Culture is one of the most sensitive aspects of people’s lives, particularly as it relates to sexual and reproductive behavior, attitudes, and norms. Therefore, when we talk about female circumcision (I still cannot call it mutilation), we should always look at this cultural practice as one of many good and bad things that happen to women universally, and not only to African women but women worldwide.
I am no expert in the analysis of “art.” But I know racism, class-ism, and misogyny when I see them, and they were no more visible this week than in Stockholm, Sweden.
While the UN is still celebrating International Day of Zero Tolerance to Female Genital Mutilation, Tostan, a global rights and health organization, and others are enjoying “International Female Genital Cutting Abandonment Day.” The difference in phrasing is subtle, but the significance is huge.
FGM is often justified with direct reference to fixed gender roles, how women “should” be and the possibilities for financial security FGM supposedly affords. Breast augmentation surgery is carried out for similar reasons with similar risks and results. Both interventions have no discernible health benefits and have potentially negative impact on women’s sexual health, as well as a number of other potential serious health effects. How can we stop them?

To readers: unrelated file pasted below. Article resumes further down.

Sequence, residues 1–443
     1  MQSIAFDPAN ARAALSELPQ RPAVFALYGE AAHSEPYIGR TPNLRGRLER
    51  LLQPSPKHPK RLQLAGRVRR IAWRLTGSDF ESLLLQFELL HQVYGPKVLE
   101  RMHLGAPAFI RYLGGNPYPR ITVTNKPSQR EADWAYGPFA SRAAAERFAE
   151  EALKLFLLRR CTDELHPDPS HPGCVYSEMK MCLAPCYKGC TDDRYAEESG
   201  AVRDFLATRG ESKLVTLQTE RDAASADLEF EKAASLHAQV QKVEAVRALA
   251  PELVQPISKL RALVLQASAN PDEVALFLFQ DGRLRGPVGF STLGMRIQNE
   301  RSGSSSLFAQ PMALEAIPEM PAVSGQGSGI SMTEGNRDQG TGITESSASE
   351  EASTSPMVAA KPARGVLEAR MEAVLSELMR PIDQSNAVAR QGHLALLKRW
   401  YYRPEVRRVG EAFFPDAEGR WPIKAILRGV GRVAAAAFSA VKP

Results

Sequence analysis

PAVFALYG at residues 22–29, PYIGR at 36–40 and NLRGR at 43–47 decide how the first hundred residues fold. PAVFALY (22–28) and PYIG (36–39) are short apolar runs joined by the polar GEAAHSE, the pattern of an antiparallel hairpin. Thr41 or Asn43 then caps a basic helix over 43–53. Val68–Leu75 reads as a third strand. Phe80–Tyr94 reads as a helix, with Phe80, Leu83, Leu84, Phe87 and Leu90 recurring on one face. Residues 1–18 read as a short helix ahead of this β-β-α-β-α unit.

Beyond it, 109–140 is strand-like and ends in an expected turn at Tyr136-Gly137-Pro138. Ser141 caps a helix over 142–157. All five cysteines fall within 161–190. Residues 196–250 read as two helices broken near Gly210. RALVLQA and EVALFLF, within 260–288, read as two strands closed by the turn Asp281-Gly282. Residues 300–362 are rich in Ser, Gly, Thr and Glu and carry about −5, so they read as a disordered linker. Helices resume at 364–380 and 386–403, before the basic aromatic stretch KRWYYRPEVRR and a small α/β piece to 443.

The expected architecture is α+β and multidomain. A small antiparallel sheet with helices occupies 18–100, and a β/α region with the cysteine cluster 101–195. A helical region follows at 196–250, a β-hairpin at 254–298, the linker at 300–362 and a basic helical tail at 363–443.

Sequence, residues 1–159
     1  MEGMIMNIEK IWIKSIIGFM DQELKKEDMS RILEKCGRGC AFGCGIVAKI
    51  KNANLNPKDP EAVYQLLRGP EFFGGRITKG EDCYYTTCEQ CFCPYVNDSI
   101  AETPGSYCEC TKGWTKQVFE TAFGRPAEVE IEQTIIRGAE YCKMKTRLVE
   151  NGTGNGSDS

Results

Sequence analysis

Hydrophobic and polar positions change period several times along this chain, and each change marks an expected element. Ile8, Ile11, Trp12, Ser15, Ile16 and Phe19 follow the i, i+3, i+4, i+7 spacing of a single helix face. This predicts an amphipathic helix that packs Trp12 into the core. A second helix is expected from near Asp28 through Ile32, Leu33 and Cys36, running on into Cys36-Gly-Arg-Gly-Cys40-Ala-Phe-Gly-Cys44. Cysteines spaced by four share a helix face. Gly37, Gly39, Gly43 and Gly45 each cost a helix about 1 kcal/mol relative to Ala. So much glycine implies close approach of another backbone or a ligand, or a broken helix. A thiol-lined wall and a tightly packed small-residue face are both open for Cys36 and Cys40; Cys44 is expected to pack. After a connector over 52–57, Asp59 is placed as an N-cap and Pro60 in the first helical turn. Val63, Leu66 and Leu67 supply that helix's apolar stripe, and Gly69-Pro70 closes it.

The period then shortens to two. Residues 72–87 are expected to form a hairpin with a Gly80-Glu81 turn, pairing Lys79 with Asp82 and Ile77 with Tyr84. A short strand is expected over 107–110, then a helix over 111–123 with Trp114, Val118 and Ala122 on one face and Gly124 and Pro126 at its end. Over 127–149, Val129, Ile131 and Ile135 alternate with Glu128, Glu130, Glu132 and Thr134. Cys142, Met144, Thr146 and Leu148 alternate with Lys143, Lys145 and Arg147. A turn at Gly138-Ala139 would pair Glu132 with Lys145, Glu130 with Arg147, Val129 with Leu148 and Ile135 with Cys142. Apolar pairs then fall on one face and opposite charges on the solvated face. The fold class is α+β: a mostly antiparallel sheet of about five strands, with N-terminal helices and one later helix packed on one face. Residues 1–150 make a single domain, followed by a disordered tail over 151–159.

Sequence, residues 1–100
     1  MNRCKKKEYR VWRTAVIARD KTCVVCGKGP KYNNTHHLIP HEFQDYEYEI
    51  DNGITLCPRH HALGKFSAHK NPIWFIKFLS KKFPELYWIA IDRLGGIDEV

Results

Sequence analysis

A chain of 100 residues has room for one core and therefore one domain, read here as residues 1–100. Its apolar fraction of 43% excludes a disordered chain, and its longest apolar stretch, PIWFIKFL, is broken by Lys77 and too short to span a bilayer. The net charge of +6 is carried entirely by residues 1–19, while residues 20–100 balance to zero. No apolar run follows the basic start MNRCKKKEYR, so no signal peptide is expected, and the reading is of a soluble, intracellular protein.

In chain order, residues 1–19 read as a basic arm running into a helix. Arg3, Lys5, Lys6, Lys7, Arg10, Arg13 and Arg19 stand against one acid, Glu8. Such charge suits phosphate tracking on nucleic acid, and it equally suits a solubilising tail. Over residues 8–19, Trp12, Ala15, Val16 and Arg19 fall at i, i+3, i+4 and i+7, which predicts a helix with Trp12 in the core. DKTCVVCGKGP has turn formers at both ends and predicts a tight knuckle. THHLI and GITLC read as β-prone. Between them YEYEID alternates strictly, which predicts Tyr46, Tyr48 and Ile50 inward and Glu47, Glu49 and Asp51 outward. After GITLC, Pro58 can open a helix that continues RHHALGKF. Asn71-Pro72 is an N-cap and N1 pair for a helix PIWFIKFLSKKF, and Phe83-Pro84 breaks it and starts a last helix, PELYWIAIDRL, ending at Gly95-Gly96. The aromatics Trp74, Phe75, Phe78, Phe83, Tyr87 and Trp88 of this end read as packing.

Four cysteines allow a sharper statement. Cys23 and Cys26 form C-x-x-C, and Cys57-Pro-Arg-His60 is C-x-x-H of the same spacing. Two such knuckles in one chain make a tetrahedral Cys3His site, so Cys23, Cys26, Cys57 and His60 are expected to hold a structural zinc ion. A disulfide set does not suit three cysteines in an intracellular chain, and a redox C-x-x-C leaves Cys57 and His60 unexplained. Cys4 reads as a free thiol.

A campaign to eradicate female genital mutilation has taken off in Senegal. What if, with the incredibly small sums of money needed by the United Nations campaign to fund these strategies across a continent, we could end FGM within the next ten to 15 years? Both UNICEF and UNFPA work to end FGM, though the GOP-led House of Representatives is seeking to eliminate funding for both.
Forced mutilation of some 120 young women and girls in Uganda last week has sparked a public debate inside the country about the limitations of a new law and the politics behind the practice.
Advocates are working strenuously to stop or limit the mass mutilation of up to 200 girls now underway in Uganda.
Kristof and WuDunn persuasively argue that fighting for women’s equality around the world, especially in developing countries, is the moral issue of our time.
Mrs. Goundo’s Daughter, a powerful new documentary produced and directed by Barbara Attie and Janet Goldwater, explores the tensions faced by a mother facing possible deportation and her fears that if she returns to her native Mali, her daughter will be forced to undergo female genital mutilation.
Is there a difference between female genital mutilation as a cultural practice in the Middle East and certain cosmetic surgery in the United States?